DIRECTORS ON DVD: Palm Pictures is launching a series of DVDs to honor some cutting edge directors: Spike Jonze, Michel Gondry, and Chris Cunningham. Palm’s new Director’s Series will include music videos, shorts, and commercials hand picked by each director. Special features on each DVD may include interviews, storyboards, previously unreleased footage and more. All three of those titles are due in August, 2003, with additional directors to follow. Jonze’s highlights will include vids for Fatboy Slim, Bjork, the Beastie Boys, and Weezer. Gondry’s DVD will include work for Bjork, Radiohead, and Beck. Cunningham’s offerings include work with Aphex Twin, Bjork, and Portishead.
DUMONT’S LATEST: Wellspring has come on board as a co-producer of Bruno Dumont’s film “29 Palms.” The movie is currently in production and will be ready for entry for the 2003 Cannes Film Festival. Following that, Wellspring holds U.S. rights for a 2004 theatrical release and a DVD/video release to follow. Wellspring previously worked on Dumont’s 1997 “Life of Jesus” and 1999’s “Humanite.” His new flick is about a young couple visiting Joshua Tree National Park “whose lives are shattered by a shocking confrontation in the desert.”
NEW VIRTUAL HELP: Larry Meistrich’s DVD movie club Film Movement has started an online filmmaker counseling program with the website Rotten Tomatoes. The Virtual Producer’s Lab, accessible through filmmmovement.com or rottentomatoes.com, will let budding filmmakers post questions. Meistrich or each month’s guest filmmaker will post a response, and one filmmaker per month will get an in-depth consultation from Meistrich, who has produced and distributed films including “Sling Blade” and “You Can Count on Me,” in addition to starting the Shooting Gallery Film Series. Each month, a film biz insider will join Meistrich in offering advice, starting with Cassian Elwes from the William Morris Agency.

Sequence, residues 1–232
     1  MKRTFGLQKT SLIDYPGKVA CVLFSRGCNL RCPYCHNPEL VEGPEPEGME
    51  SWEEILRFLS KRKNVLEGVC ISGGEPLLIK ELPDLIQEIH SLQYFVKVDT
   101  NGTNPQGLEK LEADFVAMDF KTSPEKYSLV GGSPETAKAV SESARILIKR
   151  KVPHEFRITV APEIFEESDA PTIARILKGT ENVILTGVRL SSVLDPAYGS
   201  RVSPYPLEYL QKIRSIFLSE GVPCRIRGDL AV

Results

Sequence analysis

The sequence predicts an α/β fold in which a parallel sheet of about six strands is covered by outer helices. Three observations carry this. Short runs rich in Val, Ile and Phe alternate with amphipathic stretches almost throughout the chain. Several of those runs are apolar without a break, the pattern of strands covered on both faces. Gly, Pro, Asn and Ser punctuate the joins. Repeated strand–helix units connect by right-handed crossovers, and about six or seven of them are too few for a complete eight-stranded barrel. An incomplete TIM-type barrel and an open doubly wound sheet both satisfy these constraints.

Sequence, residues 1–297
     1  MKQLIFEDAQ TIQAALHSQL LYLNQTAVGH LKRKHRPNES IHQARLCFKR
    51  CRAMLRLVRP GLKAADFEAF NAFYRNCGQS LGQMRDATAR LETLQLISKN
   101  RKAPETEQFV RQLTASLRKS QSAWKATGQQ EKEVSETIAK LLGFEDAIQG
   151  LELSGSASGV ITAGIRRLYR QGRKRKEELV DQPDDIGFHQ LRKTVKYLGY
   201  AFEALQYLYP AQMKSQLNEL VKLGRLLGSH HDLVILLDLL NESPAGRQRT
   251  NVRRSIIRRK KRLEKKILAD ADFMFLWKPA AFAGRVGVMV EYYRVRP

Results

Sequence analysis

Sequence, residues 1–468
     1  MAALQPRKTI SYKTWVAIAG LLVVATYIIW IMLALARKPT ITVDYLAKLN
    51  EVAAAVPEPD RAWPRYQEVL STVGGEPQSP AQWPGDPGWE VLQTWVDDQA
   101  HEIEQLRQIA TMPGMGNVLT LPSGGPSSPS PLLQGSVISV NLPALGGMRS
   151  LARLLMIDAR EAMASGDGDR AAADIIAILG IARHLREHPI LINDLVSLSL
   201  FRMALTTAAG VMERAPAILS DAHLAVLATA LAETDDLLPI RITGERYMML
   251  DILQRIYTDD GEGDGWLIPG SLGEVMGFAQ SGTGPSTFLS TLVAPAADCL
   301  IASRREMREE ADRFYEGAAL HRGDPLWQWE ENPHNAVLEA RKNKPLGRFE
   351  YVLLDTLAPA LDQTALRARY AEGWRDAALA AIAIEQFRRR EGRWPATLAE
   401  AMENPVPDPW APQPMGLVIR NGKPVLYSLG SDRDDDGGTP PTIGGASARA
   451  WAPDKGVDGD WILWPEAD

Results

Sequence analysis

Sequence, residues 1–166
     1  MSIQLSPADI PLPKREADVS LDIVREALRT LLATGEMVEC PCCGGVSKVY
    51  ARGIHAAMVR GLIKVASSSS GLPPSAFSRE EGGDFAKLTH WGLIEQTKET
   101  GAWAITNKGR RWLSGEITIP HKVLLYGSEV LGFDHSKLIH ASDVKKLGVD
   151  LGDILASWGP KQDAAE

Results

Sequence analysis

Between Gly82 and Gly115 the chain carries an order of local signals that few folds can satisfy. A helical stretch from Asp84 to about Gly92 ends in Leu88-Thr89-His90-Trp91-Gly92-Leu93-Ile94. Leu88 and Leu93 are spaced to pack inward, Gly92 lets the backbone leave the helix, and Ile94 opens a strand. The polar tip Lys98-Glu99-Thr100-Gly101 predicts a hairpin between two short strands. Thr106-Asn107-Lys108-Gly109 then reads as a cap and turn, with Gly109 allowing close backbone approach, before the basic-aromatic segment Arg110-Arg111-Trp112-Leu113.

PALM BEACH PIANIST: Adrien Brody will be honored with the outstanding performance of the year award at the 8th annual Palm Beach International Film Festival. The honor, of course, recognizes his Oscar-nominated performance in Roman Polanski’s “The Pianist.” The presentation will be made on April 5, and the festival runs from April 3-10. For details, visit www.pbifilmfest.org.
OSCAR MEETS FELIX: As Oscar frenzy gets in high gear, we’d like to point your attention to a damn funny website , The Felixes (www.thefelixes.com) that looks at the pros and cons of each Oscar nominee. For example, “The Hours” is lauded for its “girl-on-girl action in several timeframes,” although the site points out that the film’s “constant depression makes ‘The Sorrow and the Pity’ look like an episode of ‘Blue’s Clues.’” As one would expect, prosthetic nose jokes abound.
QUOTABLE: “I can’t rent videos anymore. I never return them. Blockbuster owns my soul. I get letters from a collection agency saying, ‘You owe $10.98 to Blockbuster.’ And I’m like, ‘I could’ve bought the movie for that! Now I owe my firstborn to Blockbuster. I’ve ruined my life! I won’t be able to buy a house!” — “All the Real Girls” star Zooey Deschanel in Interview magazine.
[Eugene Hernandez contributed to this article.]